Solving the Ninth-Century West Syrian Synoptic Problem

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Yonatan Moss
Flavia Ruani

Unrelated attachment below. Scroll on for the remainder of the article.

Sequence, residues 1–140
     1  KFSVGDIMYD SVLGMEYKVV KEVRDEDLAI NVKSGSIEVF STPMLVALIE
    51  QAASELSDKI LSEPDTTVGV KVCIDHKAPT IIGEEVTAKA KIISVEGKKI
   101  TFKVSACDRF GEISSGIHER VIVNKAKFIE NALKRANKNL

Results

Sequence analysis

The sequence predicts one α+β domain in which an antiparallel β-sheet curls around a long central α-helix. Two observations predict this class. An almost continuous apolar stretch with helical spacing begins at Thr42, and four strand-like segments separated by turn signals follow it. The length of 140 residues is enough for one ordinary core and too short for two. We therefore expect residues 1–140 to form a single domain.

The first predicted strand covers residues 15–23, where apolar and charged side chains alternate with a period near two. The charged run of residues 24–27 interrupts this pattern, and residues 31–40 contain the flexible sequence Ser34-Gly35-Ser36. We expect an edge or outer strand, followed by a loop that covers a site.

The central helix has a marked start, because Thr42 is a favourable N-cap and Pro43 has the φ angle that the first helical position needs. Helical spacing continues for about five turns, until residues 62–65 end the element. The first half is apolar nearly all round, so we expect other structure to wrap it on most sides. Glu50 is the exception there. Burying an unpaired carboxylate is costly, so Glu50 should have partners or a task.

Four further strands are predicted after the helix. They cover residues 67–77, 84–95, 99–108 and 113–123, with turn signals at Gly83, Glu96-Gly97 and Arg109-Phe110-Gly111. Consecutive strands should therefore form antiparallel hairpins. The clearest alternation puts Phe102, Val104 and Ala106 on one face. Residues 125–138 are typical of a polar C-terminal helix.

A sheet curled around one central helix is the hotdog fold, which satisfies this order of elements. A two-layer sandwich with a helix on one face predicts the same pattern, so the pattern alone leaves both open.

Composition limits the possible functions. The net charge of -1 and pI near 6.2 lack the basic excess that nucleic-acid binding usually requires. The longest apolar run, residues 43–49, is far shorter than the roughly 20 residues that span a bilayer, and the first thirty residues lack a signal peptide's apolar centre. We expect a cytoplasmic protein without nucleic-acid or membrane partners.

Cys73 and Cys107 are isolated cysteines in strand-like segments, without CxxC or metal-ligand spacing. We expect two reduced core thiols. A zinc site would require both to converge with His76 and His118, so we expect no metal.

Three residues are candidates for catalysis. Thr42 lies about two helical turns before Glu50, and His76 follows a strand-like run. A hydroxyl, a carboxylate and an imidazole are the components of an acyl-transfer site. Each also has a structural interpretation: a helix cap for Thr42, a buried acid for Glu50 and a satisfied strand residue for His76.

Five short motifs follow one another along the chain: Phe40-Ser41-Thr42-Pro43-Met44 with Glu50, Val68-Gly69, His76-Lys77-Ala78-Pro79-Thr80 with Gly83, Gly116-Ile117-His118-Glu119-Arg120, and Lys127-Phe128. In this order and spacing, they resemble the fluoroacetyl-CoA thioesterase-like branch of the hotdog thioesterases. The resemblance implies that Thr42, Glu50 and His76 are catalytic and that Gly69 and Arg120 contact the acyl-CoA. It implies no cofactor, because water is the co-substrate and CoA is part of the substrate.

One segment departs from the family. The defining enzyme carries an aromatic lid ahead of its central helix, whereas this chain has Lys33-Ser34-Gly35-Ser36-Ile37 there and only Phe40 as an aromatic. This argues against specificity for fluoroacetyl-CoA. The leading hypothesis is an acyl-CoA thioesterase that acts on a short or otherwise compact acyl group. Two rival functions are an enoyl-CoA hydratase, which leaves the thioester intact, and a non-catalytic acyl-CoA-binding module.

Within the rich literary tradition of the West Syrian (i.e., Syriac Orthodox) Church, two ninth-century authors stand out thanks to a curious problem. The authors are the bishops John of Dara, who lived in the first half of the century, and Moses bar Kepha, who died in northern Iraq in 903. The problem is the literary relationship between several of the texts transmitted in their names. Applying a three-pronged approach to this synoptic problem, this article offers a path toward a solution. On the basis of biographical, stylistic, and philological arguments, it is argued that at least one text that goes under John’s name, On Heretics, was not in fact written by him. The author of that text, likely operating in the tenth century, drew heavily from Moses bar Kepha’s treatise On Paradise, while reshaping the material from Moses, and also incorporating additional material from other sources.

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